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    Dates to save: Planning your financial birthdays

    Put these important milestones on your financial-planning calendar

    If you’re the type of person who stopped celebrating your birthday at age 49, you may be missing some important financial milestones. The period between ages 50 and 70 includes several critical birthdays when key financial rules change or important decisions need to be made.

    “You have to pay attention because you could be leaving money on the table,’’ says Dana Levit, a fee-only financial planner with Paragon Financial Advisors in Newton. In some case, you could even get hit with penalties.

    Some of those birthdays come with reminders. At 50, chances are good that AARP will start soliciting you for membership, and if you qualify for Social Security you’ll likely get a reminder just before your 65th birthday to sign up for Medicare. But most of these birthdays arrive unheralded. So here’s a quick rundown of the important years that should be on everyone’s financial-planning calendar.



    After your fifth decade, Uncle Sam will let you tuck extra funds into your tax-advantaged retirement plans. You can contribute an extra $1,000 a year - for a total of $6,000 - to either your traditional IRA or your Roth IRA. And you can put an additional $5,500 in your company 401(k) plan. Indexed to inflation, these amounts may be adjusted in future years.


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    If you’ve been laid off or taken a buyout, you can now take money from your company retirement plan without early withdrawal penalty, as long as you’ve left the company. That’s one reason people separated from their employer may want to keep their retirement money in the company plan, at least until they turn 59.5.


    On this half birthday, you can finally take money out of your tax-advantaged retirement plans without incurring an early withdrawal penalty. That doesn’t mean you should, tax advisers say. But these funds are now available without penalty in case of an emergency.


    You can now claim Social Security. If you do, however, your benefits will be only 75 percent of what you could collect at full retirement age. Deciding when to take benefits is complicated, particularly if both you and your spouse are eligible. You have to balance the income that will be lost by waiting against the hefty increase in annual benefits that comes from holding out until your 66th or perhaps your 70th birthday.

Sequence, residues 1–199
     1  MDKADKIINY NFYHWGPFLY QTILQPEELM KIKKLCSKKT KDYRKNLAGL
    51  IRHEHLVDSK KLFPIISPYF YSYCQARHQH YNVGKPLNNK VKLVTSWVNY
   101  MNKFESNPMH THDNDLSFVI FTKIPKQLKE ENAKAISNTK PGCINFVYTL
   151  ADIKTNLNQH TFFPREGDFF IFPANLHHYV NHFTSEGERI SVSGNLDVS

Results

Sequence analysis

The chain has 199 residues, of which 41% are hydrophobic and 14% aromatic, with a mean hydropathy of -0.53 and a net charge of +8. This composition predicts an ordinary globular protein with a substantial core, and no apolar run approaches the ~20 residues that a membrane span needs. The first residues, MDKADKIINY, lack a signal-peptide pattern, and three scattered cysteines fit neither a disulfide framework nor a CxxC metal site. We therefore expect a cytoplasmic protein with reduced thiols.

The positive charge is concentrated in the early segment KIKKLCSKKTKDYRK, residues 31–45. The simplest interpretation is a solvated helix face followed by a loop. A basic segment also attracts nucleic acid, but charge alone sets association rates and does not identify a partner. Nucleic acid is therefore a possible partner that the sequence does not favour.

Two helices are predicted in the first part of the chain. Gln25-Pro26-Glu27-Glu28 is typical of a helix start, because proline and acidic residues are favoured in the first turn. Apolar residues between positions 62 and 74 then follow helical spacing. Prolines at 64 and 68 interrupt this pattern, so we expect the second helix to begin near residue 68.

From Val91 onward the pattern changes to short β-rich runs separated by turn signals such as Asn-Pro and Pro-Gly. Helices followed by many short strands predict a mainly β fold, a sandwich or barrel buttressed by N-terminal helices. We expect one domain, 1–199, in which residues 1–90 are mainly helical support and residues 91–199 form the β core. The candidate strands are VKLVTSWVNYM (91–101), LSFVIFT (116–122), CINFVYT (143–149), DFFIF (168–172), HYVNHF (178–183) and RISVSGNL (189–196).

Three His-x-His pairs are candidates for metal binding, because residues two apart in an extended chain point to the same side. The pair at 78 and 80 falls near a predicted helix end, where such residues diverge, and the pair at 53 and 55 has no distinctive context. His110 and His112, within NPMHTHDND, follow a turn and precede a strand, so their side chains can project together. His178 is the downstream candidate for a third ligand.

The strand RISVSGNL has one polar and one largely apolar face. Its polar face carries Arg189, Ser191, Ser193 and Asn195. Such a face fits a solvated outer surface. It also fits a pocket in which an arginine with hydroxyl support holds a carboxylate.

In Massachusetts, anyone 62 or older can file for additional homestead protection on their home, doubling to the amount of equity that a couple can protect from creditors to a total of $1 million. If you’ve already filed a homestead exemption, you need to re-file to be eligible for the higher levels, says Levit. Each person must file individually when he or she turns 62 in order to qualify.



    You are now eligible for Medicare, but you have to enroll and the choices can be complicated. Those who don’t sign for Medicare B - the basic medical insurance plan - during the three months immediately before or after their 65th can get hit with permanently higher premiums. A good adviser can help navigate the choices both now and during subsequent open enrollment periods, says Christine Fahlund, a senior financial planner with investment management firm T. Rowe Price. “This should be the beginning of an annual review process.’’


    If you were born between 1943 and 1954, you’ve now reached “full’’ retirement age and thus qualify for full Social Security benefits. For those born in subsequent years, full retirement age gradually stretches until it hits 67 for those born in 1960 or later.


    If you waited to take your Social Security benefits, you now qualify for the maximum annual benefit. That’s 32 percent more than your “full benefits’’ or 76 percent more than your benefit at age 62.


    This half birthday signals the start of annual required minimum distributions from your IRAs and 401(k)s. Calculated on life expectancy and retirement account balances, the first RMD must be taken by the April 1 of the year following this half birthday. If not, there’s a whopping 50 percent penalty.